A long dusty unsealed road took us from Wooleen Station back towards the coast.
Almost six months into our trip and over 23,000km later we finally arrived in the proposed Edel Land National Park with our sights set on completing the second compass point challenge from our good friends Pete and Zoe. The first one to South Point had been a gruelling two day, 40km hike for the kids, but this looked like a straightforward 35km drive from the unsealed road turnoff. Sure it said 4WD but we’ve had a bit of experience by now. We looked for a campsite around the Zuytdorp Cliffs (named after the Dutch ship that sank nearby in 1712), near False Entrance, found a lot of sand, enjoyed the blowholes, but then decided to go straight for the campsite at Steep Point.
Fifty Toes voted the track the “most corrugated and bumpy ride” ever. Then we turned off at the wrong house (1km before the ranger’s house) got stuck, lost two mudflaps reversing back, and found out from the ranger that all campsites were full and needed to be booked in advance. Given that it was after 5pm they found us a single spot that was available for one night only. An osprey nest sits perched atop a communications tower 50m from the rangers house. Swallows were flying through the house and the kids spotted a mouse running around inside, clearly a common occurrence as the ranger enquired whether the mouse was the “fat one”.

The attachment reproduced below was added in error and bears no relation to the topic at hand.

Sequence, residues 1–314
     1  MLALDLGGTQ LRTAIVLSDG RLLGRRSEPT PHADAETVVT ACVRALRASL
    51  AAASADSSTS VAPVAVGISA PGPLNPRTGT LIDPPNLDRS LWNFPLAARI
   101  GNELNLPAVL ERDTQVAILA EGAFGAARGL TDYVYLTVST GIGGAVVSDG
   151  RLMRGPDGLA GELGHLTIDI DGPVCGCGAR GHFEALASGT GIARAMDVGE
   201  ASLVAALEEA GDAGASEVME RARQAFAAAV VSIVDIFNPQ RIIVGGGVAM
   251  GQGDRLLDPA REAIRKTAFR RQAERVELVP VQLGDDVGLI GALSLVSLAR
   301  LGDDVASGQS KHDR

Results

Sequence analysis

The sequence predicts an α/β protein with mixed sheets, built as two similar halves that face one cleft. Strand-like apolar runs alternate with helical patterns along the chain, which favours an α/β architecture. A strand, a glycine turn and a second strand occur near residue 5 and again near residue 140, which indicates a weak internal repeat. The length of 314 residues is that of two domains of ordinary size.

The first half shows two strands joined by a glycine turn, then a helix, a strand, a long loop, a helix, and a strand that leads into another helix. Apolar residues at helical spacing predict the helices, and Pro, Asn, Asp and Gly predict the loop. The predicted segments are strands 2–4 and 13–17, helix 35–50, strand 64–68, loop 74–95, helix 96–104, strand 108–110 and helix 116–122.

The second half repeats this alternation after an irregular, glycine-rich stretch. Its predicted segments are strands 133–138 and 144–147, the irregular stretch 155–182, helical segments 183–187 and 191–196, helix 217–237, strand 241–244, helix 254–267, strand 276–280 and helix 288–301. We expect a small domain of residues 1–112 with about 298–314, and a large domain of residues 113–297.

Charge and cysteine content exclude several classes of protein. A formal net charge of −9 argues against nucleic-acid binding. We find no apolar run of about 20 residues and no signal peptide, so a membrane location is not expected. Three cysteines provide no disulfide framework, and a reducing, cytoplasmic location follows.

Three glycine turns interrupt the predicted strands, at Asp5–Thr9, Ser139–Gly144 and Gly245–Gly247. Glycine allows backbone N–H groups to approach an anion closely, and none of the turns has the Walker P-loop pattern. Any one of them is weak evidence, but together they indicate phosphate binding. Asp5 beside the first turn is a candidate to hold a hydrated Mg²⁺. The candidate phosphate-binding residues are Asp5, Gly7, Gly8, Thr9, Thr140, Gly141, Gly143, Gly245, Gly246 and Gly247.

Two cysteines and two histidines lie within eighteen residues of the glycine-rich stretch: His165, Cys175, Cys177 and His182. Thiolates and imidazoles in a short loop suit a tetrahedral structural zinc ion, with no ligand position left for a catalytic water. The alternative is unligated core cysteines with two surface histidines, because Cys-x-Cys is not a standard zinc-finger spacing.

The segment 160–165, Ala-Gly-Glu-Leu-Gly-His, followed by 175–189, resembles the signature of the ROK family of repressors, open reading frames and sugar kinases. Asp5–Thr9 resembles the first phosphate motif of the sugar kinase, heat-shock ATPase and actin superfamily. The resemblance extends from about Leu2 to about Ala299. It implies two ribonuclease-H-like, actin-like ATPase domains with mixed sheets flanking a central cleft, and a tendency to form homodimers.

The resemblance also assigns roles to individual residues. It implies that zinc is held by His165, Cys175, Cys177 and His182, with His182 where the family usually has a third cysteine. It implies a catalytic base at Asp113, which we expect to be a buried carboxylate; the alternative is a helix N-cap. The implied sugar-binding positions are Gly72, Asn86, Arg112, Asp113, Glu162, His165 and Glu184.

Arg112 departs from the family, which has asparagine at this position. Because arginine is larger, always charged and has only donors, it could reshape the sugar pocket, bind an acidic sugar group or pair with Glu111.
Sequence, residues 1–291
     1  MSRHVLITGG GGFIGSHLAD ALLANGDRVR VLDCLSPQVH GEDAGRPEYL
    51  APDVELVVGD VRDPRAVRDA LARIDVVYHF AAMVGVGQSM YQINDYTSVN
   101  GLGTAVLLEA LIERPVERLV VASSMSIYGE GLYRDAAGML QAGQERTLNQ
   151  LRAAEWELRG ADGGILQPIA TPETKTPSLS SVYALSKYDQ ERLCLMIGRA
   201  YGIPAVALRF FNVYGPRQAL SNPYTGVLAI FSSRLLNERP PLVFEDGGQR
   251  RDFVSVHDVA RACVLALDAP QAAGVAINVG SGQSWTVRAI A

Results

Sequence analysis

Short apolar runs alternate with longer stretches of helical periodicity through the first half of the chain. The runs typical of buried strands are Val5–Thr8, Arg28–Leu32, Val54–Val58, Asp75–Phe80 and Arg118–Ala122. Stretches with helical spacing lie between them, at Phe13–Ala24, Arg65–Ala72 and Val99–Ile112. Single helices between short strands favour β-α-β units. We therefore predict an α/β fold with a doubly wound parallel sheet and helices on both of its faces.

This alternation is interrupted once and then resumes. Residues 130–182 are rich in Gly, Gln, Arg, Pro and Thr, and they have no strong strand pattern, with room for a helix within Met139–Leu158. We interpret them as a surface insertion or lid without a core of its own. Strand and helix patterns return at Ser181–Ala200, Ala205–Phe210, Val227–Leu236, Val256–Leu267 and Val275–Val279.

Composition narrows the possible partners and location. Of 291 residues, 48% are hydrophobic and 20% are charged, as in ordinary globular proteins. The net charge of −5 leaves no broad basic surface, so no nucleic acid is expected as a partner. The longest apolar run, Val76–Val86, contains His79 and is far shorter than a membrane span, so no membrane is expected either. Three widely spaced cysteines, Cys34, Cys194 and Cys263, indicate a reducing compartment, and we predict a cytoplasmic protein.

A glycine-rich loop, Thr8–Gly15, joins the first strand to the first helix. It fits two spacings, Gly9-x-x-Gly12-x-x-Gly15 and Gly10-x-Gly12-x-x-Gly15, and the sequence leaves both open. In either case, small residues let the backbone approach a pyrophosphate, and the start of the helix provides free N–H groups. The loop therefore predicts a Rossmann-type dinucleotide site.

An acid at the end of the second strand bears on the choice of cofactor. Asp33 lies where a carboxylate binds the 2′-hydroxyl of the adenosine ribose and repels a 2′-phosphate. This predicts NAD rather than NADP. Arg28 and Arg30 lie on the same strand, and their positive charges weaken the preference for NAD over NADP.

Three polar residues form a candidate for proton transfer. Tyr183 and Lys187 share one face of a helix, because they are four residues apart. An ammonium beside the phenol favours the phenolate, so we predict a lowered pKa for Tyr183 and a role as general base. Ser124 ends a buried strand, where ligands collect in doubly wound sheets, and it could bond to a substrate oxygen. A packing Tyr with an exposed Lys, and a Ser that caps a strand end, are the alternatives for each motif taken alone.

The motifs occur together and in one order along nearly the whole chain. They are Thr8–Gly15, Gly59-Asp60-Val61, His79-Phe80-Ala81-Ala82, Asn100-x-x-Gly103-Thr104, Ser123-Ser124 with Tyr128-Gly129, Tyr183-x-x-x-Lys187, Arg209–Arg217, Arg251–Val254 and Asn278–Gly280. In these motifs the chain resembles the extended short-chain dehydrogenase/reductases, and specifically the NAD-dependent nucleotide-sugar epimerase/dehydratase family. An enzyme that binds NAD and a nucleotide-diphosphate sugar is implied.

Shelter Bay was aptly named and we settled in for a calm pink sunset, looking out towards Dirk Hartog Island to the north east.
Rising early the next morning we headed straight to Steep Point. The visitors book was signed, photos taken as proof, then we drove down to the nearby camp at the Oven / Faultline where hard-core fishermen camp on the cliffs. This is one of the best land-based fishing spots in Australia, particularly for Spanish Mackerel. Lures are carried out on prevailing winds by balloons filled with helium. If a big fish is caught it needs to be hauled up the cliff and the fishermen have plenty of ropes and devices to do this. Brown helium cylinders, generators, fishing rods and swags were scattered around the craggy limestone cliffs, looking like a great venue for a lad’s trip, but less so for a family friendly vacation.